- Seasonality should be factored into our decisions on when and what to buy.
- The too-glib "sell in May and go away" until Halloween, however, only works because when it works, it can be huge.
- It works about 50% of the time, no better than the flip of a coin. In the old pre-AC days, it worked more frequently.
- This year I believe we will still see a good market during the summer doldrums, but I believe the sector rotations will be more intense.
I do not want to be out of the market over the coming 6 months. However, I recognize that some companies, industries and sectors that have been flying high are now priced very close to perfection based upon their "current" revenues, earnings and cash flows.
It may take them a quarter or two to demonstrate their continued growth power as measured by such metrics -- during which time I think they may languish.
I'm talking to you, Big Tech and even you, Cap-weighted S&P. And SPACulation, as well.
On the other hand, I think Consumer Discretionary and, to a lesser degree, Consumer Staples, have plenty of room to grow even in a so-so market for the more popular indexes. I feel the same about Health Care, where I am currently looking for firms in the niche that provide home health care services.
In Energy, I believe most of the profits will be in renewables -- with the caveat that if oil and gas producing nations, especially the US, were to make it immediately undesirable to be in the energy business, the price of oil and gas would surge. It would not last long because less strident (or less principled, depending upon one's perspective) nations like Russia, Saudi Arabia, and Iran would simply pump more. Supply x + demand x = pricing equilibrium.
But Energy will still be part of my larger Industrials and Materials sectors themes of infrastructure, materials and renewables, specifically in the electrochemical (mostly today Li -- lithium ion) battery industry.
Even our few Real Estate Sector holdings dovetail nicely with my interest in Consumer Discretionary (re-opening) going forward. Vici benefits from any increase in gambling, Forestar any continued increase in homebuilding and both Stag and Store from warehousing and logistics that speak to continued retail activity.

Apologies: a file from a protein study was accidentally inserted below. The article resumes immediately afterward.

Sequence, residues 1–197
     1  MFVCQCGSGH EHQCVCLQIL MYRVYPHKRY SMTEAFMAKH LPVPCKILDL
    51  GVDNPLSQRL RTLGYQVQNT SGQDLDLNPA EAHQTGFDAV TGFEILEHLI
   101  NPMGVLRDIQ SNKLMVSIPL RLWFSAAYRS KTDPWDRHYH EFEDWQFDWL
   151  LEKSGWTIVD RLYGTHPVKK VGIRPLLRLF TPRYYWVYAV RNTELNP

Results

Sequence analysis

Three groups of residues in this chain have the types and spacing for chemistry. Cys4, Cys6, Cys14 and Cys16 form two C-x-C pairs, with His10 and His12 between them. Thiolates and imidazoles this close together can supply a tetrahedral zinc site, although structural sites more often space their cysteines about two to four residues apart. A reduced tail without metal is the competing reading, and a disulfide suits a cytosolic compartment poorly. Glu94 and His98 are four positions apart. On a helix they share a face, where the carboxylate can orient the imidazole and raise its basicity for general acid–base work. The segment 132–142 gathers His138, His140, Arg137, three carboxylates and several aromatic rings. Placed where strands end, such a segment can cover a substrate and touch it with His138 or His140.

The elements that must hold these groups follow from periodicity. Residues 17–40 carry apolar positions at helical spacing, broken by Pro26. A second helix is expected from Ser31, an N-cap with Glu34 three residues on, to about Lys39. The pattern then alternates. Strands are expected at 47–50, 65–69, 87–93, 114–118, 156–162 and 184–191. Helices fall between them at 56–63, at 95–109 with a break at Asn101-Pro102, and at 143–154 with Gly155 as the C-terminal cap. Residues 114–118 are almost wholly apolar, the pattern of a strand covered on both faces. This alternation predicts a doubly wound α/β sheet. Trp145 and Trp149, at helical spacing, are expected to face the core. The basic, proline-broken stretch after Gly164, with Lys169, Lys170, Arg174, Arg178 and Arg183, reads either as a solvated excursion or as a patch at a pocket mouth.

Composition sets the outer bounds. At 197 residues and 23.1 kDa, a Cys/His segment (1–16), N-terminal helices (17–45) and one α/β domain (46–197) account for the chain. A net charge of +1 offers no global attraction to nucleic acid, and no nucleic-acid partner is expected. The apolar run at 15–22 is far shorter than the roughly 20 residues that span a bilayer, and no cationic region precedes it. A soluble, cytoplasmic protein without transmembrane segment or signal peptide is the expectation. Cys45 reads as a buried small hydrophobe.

I am uninterested in most SPACs / blind pools. There will be the occasional SPAC I like and will buy, perhaps like Bill Ackman's Pershing Square Tontine Holdings if it falls back closer to its $20 per share offering price. Why this one?
Reason 1: I remember Pershing's first foray into SPAC-World. Back in 2011 Pershing was a partner in the SPAC Justice Holdings, which later bought a 29% stake in Burger King Worldwide Holdings, which subsequently merged with Tim Hortons to create Restaurant Brands International (QSR). QSR has returned more than 20% per year compounded since then.
Reason 2: Pershing has promised investors that their purchase will not be diluted by "founders' shares." This is the 20% haircut that most SPACs endure wherein the Big Money gets to buy shares for pennies, or less, on the dollar. If the merger choice is a good one, with Pershing, all investors will share in the rewards.
I am also adding a little more income to the defensive portion of the Investors Edge Portfolio. The Strategy Shares NASDAQ 7 HANDL Index ETF (HNDL) is a fund of funds that strives to provide a steady income no matter what the rest of the market is doing. The ETF "shoots for" a 7% annual yield. However, before that begins to get your blood racing, they also, as a fund of funds, charge a 1.2% expense fee, meaning your return might be more on the order of 5.8% -- though it has been better than that thus far.
How do they plan to be successful? They split their portfolio into two pieces. The first follows a tactical allocation index called the Dorsey Wright Explore Portfolio. It holds big, liquid ETFs in 12 categories: dividend stocks, preferred dividend stocks, utility stocks, growth & income equities, covered calls, active fixed income, intermediate-term corporate bonds, mortgage-backed securities, high-yield bonds, master limited partnerships, real estate investment trusts, REITs and taxable municipal bonds (yes, there is a category of muni bonds that are taxable.)
The other part is the Core Portfolio, which is invested in long-term exposure to the U.S. fixed-income and equity markets with allocations fixed at 70% bonds and 30% stocks. HNDL also boosts returns by allowing leverage equal to 23% of the portfolio. In total, the index HNDL follows contains 19 ETFs representing an estimated 20,000 individual underlying securities.
Just three years old, over this time frame HNDL has provided an average annual return of 8.2%. (Before expenses, which brings it to 7% after expenses.) And a portion of this might be return of capital whenever the winds of change do not allow a steady payout in the target range. Still, I believe HNDL is ideal for the defensive portion of our portfolio.
I wrote this article myself, and it expresses my own opinions. I am not receiving compensation for it. I have no business relationship with any company whose stock is mentioned in this article.
Additional disclosure: Unless you are a client of Stanford Wealth Management, I do not know your personal financial situation. Therefore, I offer my opinions above for your due diligence and not as advice to buy or sell specific securities.
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